Temporal range: Cenomanian to Recent
C. L. Koch, 1837
Akentrobuthinae Lamoral, 1976
The Buthidae are the largest family of scorpions, containing about 80 genera and over 800 species as of mid-2008. Its members are known as, for example, fat-tailed scorpions and bark scorpions. A few very large genera (like Ananteris, Centruroides, Compsobuthus or Tityus) are known, but a high number of species-poor or monotypic ones also exist. New taxa are being described at a rate of several to several dozen new species per year. They occur in the warmer parts of every major landmass on Earth, except on New Zealand. Together with the Microcharmidae, the Buthidae make up the superfamily Buthoidea. The family was established by Carl Ludwig Koch in 1837.
Around 20 species of medically important (meaning potentially lethal to humans) scorpions are known, and all but one of these are members of the Buthidae. In dead specimens, the spine beneath the stinger, characteristic for this family, can be observed.
List of genera and species
- Afghanobuthus Lourenco, 2005
- Afroisometrus Kovarik, 1997
- Akentrobuthus Lamoral, 1976
- Alayotityus Armas, 1973
- Androctonus – fattail scorpions
- †Archaeoananteroides (Cretaceous, Burmese amber)
- Buthoscorpio (includes "Stenochirus" jinnahii and "S." rahmatii)
- Centruroides – typical bark scorpions
- Hoplocystis (a nomen dubium)
- Mesobuthus (paraphyletic?)
- Orthochirus (includes Paraorthochirus and Simonoides)
- †Uintascorpio (Eocene, Green River Formation)
Few Buthidae scorpions are among the larger scorpions; on average the members of this family are mid-sized tending towards smallish. Microtityus and Microbuthus barely reach 2 cm (0.8 in). The largest members are found among Androctonus (fattail scorpions), Apistobuthus, and Centruroides; and can reach a 12 cm (about 5 in). Most of them have between two and five pairs of eyes. Some resemble the Vaejovidae. The Chaerilidae and Chactidae have one pair of eyes at most, and the former show a yellowish spot between and to the rear of these.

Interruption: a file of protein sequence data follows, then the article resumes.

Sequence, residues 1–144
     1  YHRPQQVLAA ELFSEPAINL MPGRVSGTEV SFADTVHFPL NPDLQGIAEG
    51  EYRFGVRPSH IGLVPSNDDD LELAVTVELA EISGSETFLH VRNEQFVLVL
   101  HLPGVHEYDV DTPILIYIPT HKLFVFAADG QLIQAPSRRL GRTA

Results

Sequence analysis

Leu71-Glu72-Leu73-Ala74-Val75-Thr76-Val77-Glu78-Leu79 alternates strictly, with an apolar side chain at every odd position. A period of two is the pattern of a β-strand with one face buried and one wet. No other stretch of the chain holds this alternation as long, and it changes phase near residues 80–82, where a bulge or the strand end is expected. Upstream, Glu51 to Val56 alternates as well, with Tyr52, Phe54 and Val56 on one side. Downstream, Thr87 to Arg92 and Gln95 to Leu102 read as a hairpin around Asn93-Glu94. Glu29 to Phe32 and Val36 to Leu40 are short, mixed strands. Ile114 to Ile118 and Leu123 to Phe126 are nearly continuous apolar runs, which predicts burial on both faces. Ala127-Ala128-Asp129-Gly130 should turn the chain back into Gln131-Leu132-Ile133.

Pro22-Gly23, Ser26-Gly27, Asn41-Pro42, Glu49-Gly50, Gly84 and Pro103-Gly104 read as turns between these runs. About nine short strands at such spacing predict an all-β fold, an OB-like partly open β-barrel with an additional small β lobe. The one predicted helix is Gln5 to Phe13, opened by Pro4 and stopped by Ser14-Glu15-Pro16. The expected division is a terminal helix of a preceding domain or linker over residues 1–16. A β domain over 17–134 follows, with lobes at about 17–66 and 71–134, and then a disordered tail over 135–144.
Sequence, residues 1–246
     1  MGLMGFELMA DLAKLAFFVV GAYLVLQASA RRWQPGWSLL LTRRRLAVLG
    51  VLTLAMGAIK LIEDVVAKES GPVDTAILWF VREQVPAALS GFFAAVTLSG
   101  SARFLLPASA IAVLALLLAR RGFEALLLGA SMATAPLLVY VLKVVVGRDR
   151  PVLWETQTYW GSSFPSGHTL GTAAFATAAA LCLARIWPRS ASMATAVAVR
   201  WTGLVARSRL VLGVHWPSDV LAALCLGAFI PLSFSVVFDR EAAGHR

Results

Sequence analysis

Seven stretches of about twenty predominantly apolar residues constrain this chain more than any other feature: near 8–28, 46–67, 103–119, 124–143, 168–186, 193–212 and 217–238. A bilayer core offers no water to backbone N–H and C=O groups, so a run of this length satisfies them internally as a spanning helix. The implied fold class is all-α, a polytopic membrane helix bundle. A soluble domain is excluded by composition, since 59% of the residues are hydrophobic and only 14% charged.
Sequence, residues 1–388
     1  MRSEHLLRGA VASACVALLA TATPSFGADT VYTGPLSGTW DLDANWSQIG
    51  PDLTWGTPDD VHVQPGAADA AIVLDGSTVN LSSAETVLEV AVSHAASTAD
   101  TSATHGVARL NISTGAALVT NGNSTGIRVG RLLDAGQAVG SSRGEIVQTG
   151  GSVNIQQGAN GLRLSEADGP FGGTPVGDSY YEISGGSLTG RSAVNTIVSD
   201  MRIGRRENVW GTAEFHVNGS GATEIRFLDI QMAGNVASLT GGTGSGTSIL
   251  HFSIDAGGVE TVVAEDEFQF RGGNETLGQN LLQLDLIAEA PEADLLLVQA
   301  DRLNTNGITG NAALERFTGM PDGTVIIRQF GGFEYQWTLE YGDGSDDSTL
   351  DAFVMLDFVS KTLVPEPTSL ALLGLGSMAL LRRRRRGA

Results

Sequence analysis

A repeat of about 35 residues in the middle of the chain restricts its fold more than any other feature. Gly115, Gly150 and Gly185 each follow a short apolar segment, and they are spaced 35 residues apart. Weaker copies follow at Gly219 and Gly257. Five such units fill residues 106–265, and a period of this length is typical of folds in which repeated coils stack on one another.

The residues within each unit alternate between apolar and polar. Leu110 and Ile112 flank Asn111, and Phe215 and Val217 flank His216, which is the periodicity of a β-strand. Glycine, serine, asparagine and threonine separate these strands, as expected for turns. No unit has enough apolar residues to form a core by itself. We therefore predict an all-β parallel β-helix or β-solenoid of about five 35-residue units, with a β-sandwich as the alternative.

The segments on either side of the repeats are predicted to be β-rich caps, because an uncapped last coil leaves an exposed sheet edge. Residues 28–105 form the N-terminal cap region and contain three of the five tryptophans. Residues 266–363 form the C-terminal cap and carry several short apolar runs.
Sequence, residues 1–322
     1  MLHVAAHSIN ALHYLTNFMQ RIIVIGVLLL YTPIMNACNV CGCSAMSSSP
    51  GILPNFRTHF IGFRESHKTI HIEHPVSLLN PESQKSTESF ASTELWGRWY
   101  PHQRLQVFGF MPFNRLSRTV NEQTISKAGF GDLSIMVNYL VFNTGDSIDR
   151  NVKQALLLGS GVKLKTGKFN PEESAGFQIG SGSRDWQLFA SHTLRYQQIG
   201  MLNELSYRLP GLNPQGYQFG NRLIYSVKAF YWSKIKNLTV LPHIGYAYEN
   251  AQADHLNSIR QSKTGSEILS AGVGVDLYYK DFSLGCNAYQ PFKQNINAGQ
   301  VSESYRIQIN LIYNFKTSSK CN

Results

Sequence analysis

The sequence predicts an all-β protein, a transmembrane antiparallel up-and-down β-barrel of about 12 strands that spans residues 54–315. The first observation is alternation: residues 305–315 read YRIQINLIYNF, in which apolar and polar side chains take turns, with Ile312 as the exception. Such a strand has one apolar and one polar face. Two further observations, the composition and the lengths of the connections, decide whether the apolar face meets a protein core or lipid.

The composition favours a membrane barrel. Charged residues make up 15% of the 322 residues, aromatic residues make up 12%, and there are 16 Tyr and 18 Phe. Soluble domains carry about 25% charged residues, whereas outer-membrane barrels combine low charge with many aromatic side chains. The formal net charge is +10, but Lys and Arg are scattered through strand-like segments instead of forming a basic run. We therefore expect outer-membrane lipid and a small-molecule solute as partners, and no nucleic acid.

Their vernacular name refers to the thick tails found in many Buthidae, especially in the Old World. The pedipalps, though, tend to be weak, slender, and tweezer-like. The Buthidae are generally rather cryptically colored, quite uniformly ochre to brown, but some are black or (like Centruroides and Uroplectes) more vividly colored. More conspicuous patterns and shapes occur, e.g., in Isometrus or Lychas.
Toxicity and relationship with humans
A handful of sometimes species-rich genera – fattail scorpions (Androctonus), Centruroides, Hottentotta,[Note 1] Leiurus, Parabuthus, and Tityus – are notorious for their strong venom. Human fatalities have been recorded from fewer than two dozen species; identification of a particular Tityus is likely problematic and detailed data on the venom exists only for a small fraction of the Buthidae (see BmKAEP from the venom of Mesobuthus martensii, for example).
|Wikimedia Commons has media related to Buthidae.|
- Teruel, Rolando & Fet, Victor (eds.) (2005): Snyopsis of the described scorpions of the world - Family Buthidae. Version of 3/7/2005. Retrieved June 25, 2008.
- Rein, Jan Ove (2008): The Scorpion Files - Buthidae. Retrieved June 25, 2008.
- Davies, E. (27 July 2016). The world's worst stinger has a surprising owner. BBC Earth. Retrieved 19 July 2016.
- Wilson R. Lourenço; Jürgen Velten (2016). "A new genus and species of fossil scorpion from Burmese Cretaceous amber (Scorpiones: Buthoidea: Buthidae)". Arachnida – Rivista Aracnologica Italiana. 10: 2–9.
- Santiago-Blay, Jorge A.; Soleglad, Michael E.; Fet, Victor (2004). "A redescription and family placement of Uintascorpio Perry, 1995 from the Parachute Creek Member of the Green River Formation (middle Eocene) of Colorado, USA (Scorpiones: Buthidae)" (PDF). Revista Ibérica de Aracnología. 10: 7–16. ISSN 1576-9518.